The 15th program in our 90th Anniversary Celebration
Harry Chittick is a popular Enrichment Lecturer for Oceania and Regent Seven Seas Cruise Lines.
His topics cover a wide range of subjects that add perspective and depth to the areas visited around the globe.
His experiences as a journalist and photographer add colorful insights to his presentations.
Mr. Chittick is a highly regarded consultant for media affairs.
He has helped major corporations manage their media relations and publicity campaigns.
He has advised senior corporate executives how to successfully deal with journalists ensuring that their
corporate message was clearly and correctly transmitted to the public.
Mr. Chittick is an expert in media training and crisis management.
He is in demand as a public speaker ashore on a variety of subjects from the Media and world affairs to elements of photography and growing orchids.
Mr. Chittick teaches public speaking to a number clients including the city of Los Angeles.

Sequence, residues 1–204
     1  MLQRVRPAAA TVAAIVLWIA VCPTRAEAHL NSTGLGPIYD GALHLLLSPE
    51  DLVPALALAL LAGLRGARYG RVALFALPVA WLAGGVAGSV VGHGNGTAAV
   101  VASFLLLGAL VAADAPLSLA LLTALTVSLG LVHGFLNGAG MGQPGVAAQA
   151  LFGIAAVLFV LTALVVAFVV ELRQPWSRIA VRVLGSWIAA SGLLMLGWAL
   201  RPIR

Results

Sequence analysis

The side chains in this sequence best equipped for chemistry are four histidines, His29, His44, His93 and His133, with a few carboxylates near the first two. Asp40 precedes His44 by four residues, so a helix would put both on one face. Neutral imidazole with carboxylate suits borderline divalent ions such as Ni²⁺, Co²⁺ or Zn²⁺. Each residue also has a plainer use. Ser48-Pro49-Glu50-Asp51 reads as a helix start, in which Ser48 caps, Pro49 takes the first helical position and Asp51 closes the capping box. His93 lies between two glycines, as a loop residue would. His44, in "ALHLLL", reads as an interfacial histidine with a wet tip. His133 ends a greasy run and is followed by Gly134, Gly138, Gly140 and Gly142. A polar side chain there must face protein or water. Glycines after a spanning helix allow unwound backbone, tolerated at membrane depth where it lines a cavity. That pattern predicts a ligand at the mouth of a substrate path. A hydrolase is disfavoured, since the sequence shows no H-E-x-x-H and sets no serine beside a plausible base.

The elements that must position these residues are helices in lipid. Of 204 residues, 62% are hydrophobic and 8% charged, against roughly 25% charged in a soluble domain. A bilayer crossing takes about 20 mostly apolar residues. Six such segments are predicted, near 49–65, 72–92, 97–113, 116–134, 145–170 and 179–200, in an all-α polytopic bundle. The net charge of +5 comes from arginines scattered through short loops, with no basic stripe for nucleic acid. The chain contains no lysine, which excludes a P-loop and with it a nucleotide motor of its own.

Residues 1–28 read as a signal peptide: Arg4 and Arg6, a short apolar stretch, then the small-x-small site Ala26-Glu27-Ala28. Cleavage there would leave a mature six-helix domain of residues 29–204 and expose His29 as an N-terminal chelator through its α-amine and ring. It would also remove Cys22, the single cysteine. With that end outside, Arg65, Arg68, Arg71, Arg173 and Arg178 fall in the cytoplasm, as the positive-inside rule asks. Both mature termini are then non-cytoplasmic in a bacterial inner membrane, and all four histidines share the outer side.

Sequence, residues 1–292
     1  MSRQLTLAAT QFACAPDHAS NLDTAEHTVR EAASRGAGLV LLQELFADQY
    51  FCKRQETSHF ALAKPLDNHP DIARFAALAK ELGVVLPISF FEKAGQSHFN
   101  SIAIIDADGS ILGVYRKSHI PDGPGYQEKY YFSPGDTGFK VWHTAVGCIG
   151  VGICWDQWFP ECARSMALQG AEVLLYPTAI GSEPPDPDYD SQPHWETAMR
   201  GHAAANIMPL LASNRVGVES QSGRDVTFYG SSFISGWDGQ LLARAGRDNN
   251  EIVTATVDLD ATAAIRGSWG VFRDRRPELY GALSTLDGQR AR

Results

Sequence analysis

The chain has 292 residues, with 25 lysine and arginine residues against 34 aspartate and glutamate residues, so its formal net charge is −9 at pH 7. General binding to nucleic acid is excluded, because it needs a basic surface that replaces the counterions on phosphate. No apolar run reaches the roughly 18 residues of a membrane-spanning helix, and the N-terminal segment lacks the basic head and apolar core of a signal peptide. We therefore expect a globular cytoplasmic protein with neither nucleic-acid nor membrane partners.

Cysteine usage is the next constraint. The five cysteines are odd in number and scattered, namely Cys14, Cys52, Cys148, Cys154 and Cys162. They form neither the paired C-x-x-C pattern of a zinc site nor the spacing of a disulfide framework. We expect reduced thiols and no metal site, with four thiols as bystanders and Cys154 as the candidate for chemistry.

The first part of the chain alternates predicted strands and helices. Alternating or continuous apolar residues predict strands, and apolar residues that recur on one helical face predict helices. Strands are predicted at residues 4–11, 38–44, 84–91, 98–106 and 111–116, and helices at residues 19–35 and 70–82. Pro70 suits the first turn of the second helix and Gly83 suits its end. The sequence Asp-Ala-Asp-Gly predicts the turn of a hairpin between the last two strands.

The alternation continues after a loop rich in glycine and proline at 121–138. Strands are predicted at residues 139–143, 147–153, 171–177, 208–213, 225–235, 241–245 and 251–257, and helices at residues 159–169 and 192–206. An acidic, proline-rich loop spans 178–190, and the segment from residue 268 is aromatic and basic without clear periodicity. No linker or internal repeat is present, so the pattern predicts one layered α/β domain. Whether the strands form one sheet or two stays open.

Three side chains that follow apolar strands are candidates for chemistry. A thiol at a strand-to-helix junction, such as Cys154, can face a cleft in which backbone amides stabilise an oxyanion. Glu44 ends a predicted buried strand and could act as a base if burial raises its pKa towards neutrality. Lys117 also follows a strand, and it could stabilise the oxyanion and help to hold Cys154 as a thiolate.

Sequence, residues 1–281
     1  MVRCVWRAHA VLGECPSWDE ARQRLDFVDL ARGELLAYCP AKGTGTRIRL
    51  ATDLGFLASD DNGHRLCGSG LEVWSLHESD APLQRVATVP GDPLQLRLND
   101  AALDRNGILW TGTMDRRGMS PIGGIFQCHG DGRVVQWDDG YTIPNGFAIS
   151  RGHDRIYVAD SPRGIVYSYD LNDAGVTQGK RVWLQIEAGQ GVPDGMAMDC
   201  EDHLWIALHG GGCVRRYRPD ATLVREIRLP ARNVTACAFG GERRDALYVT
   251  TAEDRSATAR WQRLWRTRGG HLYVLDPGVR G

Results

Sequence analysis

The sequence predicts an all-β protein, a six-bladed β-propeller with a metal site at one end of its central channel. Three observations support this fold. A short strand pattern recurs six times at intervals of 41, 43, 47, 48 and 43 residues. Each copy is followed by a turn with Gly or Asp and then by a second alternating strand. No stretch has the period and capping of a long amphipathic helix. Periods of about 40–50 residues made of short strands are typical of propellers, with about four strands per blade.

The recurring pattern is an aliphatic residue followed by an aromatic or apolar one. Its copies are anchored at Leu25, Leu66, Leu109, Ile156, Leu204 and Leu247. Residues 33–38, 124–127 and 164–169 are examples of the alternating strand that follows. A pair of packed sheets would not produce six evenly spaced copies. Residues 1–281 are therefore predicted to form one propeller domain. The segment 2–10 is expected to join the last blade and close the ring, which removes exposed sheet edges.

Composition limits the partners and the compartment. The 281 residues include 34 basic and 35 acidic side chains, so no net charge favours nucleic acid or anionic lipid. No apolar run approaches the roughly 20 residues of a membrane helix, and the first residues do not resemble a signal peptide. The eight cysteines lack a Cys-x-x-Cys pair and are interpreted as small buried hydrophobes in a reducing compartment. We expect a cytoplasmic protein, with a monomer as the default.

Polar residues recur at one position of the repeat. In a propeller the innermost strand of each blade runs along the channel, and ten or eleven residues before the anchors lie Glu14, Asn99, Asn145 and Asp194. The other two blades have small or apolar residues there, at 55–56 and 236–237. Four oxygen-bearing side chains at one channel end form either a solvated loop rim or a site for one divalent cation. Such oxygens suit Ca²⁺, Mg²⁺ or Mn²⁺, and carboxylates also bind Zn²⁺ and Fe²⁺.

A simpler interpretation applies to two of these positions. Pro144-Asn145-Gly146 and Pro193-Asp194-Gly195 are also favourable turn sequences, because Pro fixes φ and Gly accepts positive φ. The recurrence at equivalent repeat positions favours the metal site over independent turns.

Prior to becoming a consultant Mr. Chittick had a highly successful and award winning career as a network television journalist.
For 20 years he was the Senior West Coast producer for ABC Network News.
He directed coverage of major news events for programs such as Night Line, 20/20, World News Tonight and Good Morning America.
Among his specialized coverage areas were Technology, Electronic Entertainment, Aerospace, Latin America and Military Affairs.
He covered 8 presidential elections, 6 wars and countless disasters.
For several years he wrote a column on Interactive Entertainment and Gaming for abcnews.com.